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Overcoming the Olympic-Level Hurdle of Acute Lymphoblastic Leukemia Diagnosis

Overcoming the Olympic-Level Hurdle of Acute Lymphoblastic Leukemia Diagnosis
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Published on March 20, 2020

The Challenge of an Adult Leukemia Diagnosis

With the 2020 Summer Olympics in Japan in the news, you probably think of international travel and top-tier athleticism, all in pursuit of the coveted gold medal. Jud Logan, a current acute lymphoblastic leukemia (ALL) patient and four-time Olympian, joined his oncologist, Dr. Hetty Carraway and Andrew Schorr to discuss how his previous training prepared him for his challenges after diagnosis.

Is B-cell Acute Lymphoblastic Leukemia Treatable?

The key to Jud’s resilience through this process was his family. One of his daughters, an oncology nurse practitioner, joined her father on the phone for his initial doctor appointments. “When the doctor said I had B-cell acute lymphoblastic leukemia, my daughter said, 'that’s one of the treatable ones, Dad’...she could help translate for me,” Jud recounts in our recent interview.  From there, Jud connected with Dr. Hetty Carraway, an ALL and AML specialist at the Cleveland Clinic. With Dr. Carraway, Jud secured a spot in an on-going clinical trial in the nick of time (the cut-off age for the trial was 60, and he was just shy of that). Beyond navigating medical vocabulary, Jud credited his family, specifically his wife of 34 years, for taking the role of “Communications Manager”, handling well-wishes from Jud’s network of friends and fellow athletes so he could focus on healing.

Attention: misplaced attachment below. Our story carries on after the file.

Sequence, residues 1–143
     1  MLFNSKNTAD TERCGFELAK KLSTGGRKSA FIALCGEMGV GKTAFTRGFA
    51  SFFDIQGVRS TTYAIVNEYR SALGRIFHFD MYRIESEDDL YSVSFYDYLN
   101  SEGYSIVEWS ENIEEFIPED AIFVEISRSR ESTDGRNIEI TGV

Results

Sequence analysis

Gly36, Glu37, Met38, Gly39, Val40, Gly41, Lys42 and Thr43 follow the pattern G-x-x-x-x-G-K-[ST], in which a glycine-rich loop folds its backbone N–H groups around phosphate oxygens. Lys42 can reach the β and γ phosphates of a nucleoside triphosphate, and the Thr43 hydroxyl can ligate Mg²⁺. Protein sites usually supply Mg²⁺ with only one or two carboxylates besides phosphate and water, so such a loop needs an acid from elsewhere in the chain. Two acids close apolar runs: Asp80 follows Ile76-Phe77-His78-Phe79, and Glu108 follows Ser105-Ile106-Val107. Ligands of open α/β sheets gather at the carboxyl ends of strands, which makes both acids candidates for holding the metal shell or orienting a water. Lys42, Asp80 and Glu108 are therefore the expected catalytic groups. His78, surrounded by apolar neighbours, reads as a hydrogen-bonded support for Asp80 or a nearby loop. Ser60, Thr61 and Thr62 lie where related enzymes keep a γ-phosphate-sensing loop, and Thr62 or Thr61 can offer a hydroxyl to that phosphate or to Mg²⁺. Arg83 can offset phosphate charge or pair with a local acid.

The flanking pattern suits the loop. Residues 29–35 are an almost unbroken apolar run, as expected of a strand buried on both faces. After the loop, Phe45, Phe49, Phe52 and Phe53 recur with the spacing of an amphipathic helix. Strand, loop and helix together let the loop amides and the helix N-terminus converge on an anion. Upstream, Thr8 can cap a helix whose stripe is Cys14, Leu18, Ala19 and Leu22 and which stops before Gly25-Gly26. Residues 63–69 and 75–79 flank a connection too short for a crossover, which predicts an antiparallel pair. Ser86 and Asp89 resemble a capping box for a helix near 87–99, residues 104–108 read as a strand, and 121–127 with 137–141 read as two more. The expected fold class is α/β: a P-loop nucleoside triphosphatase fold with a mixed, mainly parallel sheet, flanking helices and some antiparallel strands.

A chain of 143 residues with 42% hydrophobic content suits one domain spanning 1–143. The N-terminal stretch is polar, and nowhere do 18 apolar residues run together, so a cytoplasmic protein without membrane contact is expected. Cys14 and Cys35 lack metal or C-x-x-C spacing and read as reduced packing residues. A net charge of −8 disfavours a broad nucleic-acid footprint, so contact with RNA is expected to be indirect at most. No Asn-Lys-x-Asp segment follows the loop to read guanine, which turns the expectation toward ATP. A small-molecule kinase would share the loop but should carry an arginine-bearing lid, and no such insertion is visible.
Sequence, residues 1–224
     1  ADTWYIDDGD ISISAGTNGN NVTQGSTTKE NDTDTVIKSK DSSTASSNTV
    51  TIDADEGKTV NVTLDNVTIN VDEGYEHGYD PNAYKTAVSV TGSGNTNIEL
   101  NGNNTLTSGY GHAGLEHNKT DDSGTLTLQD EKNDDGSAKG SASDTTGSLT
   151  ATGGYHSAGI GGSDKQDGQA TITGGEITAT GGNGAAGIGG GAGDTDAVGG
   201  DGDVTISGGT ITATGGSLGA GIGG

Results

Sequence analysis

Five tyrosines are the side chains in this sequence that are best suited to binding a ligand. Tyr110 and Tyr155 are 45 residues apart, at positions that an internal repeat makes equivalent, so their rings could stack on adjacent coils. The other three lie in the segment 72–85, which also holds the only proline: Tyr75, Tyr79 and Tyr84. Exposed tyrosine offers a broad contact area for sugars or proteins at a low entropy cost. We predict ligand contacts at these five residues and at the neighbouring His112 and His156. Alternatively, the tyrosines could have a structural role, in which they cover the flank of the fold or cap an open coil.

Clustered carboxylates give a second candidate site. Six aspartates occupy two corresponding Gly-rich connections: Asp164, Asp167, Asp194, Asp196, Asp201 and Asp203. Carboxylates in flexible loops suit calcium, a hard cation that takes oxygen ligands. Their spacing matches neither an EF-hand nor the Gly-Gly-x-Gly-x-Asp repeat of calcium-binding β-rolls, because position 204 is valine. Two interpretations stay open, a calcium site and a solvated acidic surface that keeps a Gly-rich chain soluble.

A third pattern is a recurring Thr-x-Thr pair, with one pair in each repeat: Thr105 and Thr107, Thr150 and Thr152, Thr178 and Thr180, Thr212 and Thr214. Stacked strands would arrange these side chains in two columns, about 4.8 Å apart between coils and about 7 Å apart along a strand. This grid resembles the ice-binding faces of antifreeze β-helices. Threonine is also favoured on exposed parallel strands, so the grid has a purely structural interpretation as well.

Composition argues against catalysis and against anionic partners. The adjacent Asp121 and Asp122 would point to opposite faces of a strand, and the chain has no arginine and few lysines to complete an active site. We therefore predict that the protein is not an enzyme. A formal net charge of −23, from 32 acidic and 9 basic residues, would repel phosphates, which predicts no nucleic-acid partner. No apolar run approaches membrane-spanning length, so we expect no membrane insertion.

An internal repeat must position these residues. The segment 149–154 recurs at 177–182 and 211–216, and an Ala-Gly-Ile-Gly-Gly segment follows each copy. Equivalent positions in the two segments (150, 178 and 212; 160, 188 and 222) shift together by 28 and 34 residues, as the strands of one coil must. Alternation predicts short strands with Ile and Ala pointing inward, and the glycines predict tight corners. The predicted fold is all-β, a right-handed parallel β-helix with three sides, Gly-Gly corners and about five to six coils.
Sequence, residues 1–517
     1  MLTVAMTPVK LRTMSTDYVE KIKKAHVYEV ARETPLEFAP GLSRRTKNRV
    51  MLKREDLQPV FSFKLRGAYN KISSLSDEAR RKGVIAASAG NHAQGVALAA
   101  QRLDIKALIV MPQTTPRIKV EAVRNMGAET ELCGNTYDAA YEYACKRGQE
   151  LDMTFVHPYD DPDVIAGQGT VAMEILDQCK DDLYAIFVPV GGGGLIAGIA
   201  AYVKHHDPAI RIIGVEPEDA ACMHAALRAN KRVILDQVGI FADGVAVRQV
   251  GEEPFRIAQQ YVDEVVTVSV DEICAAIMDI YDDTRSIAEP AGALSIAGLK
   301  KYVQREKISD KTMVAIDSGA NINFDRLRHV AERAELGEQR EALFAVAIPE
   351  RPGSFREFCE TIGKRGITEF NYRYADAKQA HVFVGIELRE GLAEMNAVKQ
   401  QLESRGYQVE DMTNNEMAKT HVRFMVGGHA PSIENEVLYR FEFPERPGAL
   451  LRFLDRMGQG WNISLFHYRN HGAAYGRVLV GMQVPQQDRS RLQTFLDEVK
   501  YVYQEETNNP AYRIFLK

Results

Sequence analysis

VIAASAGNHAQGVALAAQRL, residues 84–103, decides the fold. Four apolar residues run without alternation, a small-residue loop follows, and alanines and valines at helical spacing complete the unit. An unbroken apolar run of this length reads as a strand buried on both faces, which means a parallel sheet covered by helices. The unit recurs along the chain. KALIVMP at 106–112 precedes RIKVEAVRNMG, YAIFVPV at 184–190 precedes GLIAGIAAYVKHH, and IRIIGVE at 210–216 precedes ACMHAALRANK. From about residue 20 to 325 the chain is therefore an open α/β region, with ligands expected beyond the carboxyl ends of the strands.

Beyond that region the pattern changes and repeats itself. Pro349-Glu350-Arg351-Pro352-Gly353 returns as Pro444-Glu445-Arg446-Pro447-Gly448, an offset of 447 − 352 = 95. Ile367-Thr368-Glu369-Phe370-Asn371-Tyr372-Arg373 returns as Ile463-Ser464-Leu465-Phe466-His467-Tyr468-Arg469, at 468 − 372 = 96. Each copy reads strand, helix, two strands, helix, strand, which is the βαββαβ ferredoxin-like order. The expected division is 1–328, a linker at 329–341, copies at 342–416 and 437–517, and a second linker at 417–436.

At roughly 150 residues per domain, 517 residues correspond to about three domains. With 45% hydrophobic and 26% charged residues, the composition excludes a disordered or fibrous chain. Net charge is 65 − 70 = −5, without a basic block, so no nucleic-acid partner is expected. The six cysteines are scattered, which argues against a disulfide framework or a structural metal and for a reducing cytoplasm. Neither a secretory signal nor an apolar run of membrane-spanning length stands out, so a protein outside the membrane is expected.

Finding Support When You Have Cancer

If patients don’t have family close by or available, Jud and Dr. Carraway both encouraged patients to feel comfortable asking questions of their doctors to understand their test results and treatment plans. The day of our interview, Jud received a test update that some of his numbers had not improved from the last test. While this was a first for him in his treatment, another doctor reminded him, “This may not be the norm for you, but it is the norm for us.” Everyone from hospital greeters to doctors can recommend additional people to support cancer patients. “People always think about the medals…” Jud related at the end of our interview, “…they don’t hear about the people pushing you every day to be the best you can be.” With Jud and Dr. Carraway’s advice, your care team will be as competitive as Olympic gold. 

Watch all of Jud Logan's interviews about his Acute Lymphoblastic Leukemia journey:


~Aaron Poor

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